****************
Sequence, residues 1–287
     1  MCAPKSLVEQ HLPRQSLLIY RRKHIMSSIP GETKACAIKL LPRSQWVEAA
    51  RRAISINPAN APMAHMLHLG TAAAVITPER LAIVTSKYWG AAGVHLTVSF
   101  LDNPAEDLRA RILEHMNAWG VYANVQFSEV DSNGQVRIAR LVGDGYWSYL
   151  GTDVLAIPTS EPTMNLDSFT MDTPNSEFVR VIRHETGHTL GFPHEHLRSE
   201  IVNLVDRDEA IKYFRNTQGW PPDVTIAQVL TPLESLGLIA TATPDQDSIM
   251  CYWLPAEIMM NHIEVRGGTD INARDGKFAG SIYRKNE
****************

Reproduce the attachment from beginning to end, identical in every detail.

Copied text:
Sequence, residues 1–287
     1  MCAPKSLVEQ HLPRQSLLIY RRKHIMSSIP GETKACAIKL LPRSQWVEAA
    51  RRAISINPAN APMAHMLHLG TAAAVITPER LAIVTSKYWG AAGVHLTVSF
   101  LDNPAEDLRA RILEHMNAWG VYANVQFSEV DSNGQVRIAR LVGDGYWSYL
   151  GTDVLAIPTS EPTMNLDSFT MDTPNSEFVR VIRHETGHTL GFPHEHLRSE
   201  IVNLVDRDEA IKYFRNTQGW PPDVTIAQVL TPLESLGLIA TATPDQDSIM
   251  CYWLPAEIMM NHIEVRGGTD INARDGKFAG SIYRKNE